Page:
With the fall television season now in full swing, The Huffington Post compiled a list of recession-ready shows the major networks hope will lure you to the telly.

Among them include new shows like ABC’s “Hank,” starring Kelsey Grammer, who plays Hank, a newly laid off and broke Wall Street CEO who returns to his small hometown to reconnect with his family.

I’m a fan of Grammer’s based on “Frasier,” but I vote no on this. Really, Kelsey? The time you spent shooting this could’ve been better spent at the CW headquarters convincing the network to give “Girlfriends” a proper send-off.

Writers could’ve easily written up a timely story about Joan Clayton living in an apartment in Pasadena after the J-Spot went out of business.

In any event, there are other shows out there hoping to earn your interest by appealing to the plight of commoner.

Among them include HBO’s“Hung,” which chronicles the story of a high school basketball coach that becomes a male prostitute in an effort to keep his head above water (feel free to start singing the “Good Times” theme song now). If you’re into confessions of a call boy, run to your neighbor’s house – since they can still afford HBO – and catch up on the episodes via On Demand.

Another teacher turned criminal themed series you can check out is AMC’s “Breaking Bad.” In that series a high school chemistry teacher is forced to take a second job to support his family. But, once he finds out he has terminal lung cancer, he starts his own meth lab to cover their financial future -- because you know, 401Ks aren’t worth squat anymore and who can afford life insurance these days?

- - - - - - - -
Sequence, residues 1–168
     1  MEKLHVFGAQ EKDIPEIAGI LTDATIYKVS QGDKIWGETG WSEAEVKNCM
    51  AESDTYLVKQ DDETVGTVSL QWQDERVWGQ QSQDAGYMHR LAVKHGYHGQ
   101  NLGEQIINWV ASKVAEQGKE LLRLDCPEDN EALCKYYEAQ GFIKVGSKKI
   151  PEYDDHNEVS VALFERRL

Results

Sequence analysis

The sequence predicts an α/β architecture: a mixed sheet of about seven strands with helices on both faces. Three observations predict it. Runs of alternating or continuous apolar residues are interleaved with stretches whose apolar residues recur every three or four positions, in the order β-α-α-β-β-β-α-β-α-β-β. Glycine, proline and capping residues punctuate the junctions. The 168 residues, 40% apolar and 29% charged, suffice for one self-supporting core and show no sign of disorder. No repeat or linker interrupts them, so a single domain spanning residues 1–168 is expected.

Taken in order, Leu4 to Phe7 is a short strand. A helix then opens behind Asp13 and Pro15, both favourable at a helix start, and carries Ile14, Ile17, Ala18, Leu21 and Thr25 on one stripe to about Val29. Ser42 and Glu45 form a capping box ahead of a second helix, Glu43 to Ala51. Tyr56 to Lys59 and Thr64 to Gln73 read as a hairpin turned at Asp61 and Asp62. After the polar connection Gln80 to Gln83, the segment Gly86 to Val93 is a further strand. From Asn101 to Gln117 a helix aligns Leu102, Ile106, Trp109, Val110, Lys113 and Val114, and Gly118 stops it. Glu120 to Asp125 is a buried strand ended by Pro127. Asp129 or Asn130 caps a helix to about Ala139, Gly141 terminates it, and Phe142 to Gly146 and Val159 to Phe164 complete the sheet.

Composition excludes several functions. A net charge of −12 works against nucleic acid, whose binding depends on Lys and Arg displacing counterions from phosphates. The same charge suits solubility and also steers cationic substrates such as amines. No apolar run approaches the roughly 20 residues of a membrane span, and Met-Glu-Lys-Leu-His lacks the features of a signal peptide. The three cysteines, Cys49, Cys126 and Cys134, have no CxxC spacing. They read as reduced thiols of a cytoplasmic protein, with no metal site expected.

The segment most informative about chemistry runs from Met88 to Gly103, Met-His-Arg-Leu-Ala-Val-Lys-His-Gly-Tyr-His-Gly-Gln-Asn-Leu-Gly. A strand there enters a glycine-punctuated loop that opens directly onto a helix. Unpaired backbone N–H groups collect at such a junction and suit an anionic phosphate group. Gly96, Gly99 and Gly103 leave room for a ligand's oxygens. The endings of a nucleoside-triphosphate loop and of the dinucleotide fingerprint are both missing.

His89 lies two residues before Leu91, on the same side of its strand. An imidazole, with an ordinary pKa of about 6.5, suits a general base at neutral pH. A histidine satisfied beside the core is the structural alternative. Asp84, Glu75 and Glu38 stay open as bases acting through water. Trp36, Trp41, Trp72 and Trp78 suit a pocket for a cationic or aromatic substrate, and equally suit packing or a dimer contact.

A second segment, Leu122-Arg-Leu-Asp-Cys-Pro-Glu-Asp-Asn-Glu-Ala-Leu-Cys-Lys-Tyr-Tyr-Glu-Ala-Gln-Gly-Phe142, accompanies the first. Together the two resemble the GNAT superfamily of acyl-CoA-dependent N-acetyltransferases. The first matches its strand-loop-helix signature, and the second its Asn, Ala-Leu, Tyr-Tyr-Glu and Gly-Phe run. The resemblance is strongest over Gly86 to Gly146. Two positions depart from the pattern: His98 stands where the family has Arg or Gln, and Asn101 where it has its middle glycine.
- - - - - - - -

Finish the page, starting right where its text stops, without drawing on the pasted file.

I’m sure if you’re capable of deductive reasoning you can guess each of these shows are missing one thing: melanin.

There’s absolutely nothing wrong with any of these shows (particularly the latter two), but Black people are broke, too. Shoot, depending on who you’re asking, our recession started before everyone else’s. Can’t we get our own recession friendly show?

And before you even go there, “The Real Housewives of Atlanta” doesn’t count. They all act like we can’t tell they’re living caviar dreams on a catfish budget.

Never mind reports that two cast members have faced foreclosures and another is getting slapped with lawsuits from bill collectors; they want us all to believe they live off their money trees.

Despite their lives being as real as Tyra Banks’ hair before this weeks season premiere of her talk show, “The Real Housewives of Atlanta” is a ratings winner – proving people of any hue can enjoy a show set in the one of the blackest cities in the country.

There has to be some destitute Cosby series script floating around somewhere.

I’m all for sure shows that speak to the state of the economy, but come on Hollywood, let us tell a tale, too.